Last Saturday, I attended a dinner hosted by Nathan Myhrvold, at his cooking lab in Bellevue just outside of downtown Seattle, the place where all of the testing, documenting, writing, and photography happened for his upcoming 2,400-page book Modernist Cuisine—a tome that documents, illustrates, and codifies pretty much every cooking technique from prehistory to the present.
Normally I wouldn't do a "hey guys, look at this cool event I went to" type post, but I think this one deserves it.
I spent a good deal of the night thinking to myself, "what did I do to deserve to be here," as we made our way through an astounding 30-course meal. (Check out the full menu here »)
I understand there are mixed emotions on the subject of hyper-modern food, as evidenced by the comments on the burger from the book, and in general, I tend to fall on the side of those who aren't that into the movement, calling the food cold, soulless, joyless.
That said, what I think a lot of people miss is that the restaurants and chefs on the vanguard of the movement—places like El Bulli, Alinea, The Fat Duck—are not the only ones utilizing the techniques developed by it.
Chances are, if you've eaten at a fancy restaurant in any major city recently, you've had food that was cooked sous-vide, a sauce that was stabilized with a hydro-colloid, or an ice cream that's been set with stabilizers and churned in a Pacojet—you just didn't know it.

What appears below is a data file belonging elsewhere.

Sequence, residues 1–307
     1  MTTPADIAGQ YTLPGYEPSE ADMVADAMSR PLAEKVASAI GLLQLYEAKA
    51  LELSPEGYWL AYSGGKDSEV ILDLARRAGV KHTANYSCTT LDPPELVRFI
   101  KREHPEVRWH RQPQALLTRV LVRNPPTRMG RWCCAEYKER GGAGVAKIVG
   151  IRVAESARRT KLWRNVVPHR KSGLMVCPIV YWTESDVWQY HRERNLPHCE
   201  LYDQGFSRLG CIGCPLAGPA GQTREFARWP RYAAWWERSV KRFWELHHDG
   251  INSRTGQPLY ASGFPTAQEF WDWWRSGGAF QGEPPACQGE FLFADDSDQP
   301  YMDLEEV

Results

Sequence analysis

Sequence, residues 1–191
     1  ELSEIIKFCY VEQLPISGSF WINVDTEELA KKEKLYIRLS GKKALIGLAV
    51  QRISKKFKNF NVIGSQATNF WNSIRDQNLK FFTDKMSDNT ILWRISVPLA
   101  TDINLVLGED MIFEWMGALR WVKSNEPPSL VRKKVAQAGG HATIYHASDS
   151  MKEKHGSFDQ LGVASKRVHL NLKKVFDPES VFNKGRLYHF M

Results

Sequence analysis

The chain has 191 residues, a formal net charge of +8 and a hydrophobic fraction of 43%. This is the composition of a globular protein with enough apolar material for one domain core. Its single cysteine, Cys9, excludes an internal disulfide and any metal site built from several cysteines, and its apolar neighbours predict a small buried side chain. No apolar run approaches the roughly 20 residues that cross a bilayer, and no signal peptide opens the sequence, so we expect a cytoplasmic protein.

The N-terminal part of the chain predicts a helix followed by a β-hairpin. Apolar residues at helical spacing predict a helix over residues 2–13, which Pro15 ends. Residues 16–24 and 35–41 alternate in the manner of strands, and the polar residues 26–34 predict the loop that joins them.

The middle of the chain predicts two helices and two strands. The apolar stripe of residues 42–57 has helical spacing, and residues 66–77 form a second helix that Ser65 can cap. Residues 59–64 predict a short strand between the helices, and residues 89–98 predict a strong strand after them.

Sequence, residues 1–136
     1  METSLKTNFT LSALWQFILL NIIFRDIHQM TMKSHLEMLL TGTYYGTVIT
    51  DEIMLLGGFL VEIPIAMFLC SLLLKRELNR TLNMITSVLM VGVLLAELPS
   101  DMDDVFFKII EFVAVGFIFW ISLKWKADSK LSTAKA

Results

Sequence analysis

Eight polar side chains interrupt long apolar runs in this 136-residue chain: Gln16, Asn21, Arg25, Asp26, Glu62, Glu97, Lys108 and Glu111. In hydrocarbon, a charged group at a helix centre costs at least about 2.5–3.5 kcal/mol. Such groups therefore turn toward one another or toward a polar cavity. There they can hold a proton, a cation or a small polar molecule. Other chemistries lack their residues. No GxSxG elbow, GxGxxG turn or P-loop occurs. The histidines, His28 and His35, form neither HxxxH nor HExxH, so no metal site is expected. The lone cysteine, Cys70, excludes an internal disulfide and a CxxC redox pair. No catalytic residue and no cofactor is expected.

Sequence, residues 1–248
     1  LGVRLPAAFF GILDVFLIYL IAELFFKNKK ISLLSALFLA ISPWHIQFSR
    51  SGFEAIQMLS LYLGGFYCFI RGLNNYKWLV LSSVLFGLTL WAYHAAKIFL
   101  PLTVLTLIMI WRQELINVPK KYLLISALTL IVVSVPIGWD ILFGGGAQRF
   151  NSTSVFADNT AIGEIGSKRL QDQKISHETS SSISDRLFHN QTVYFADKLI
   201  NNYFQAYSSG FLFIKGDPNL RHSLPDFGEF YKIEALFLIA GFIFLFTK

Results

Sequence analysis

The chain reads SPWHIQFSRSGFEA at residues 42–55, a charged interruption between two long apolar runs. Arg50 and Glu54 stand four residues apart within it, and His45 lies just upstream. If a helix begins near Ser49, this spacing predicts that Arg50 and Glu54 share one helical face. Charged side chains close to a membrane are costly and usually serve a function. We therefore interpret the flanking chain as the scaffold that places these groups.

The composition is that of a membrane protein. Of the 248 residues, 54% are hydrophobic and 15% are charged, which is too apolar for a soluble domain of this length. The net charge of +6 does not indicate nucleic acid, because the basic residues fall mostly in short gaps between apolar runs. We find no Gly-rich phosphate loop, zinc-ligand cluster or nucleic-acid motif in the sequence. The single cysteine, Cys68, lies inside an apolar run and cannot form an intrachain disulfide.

And that's where the real usefulness of some of these techniques come in: when they are used to augment a good cook's repertoire of techniques and ingredients, not take them over. A great chef shows restraint when using any technique, and the result can be food that's anything but cold and joyless.
This dinner straddled the line a bit—some dishes clearly designed to demonstrate a "cool" novel technique, and other times to create dishes where deliciousness was the only thing in mind. Some of the results can be truly stunning, like this "pea butter" made by running a pea puree through a high-powered centrifuge that exposes it to forces 4,000 times greater than the force of gravity:
The forces cause all of the particulate matter (mostly carbs, with a small percentage of fat) to sink to the bottom of the centrifuge tube while the emerald-green pea juice floats on top. Scrape out the matter, emulsify it with some extra pea fat, season it with salt, and spread it on toast, and you end up with something that's got the texture and meltability of butter, with the bright flavor of fresh peas. It's incredible. Of course, a commercial centrifuge will also run you around $20,000. Start saving up.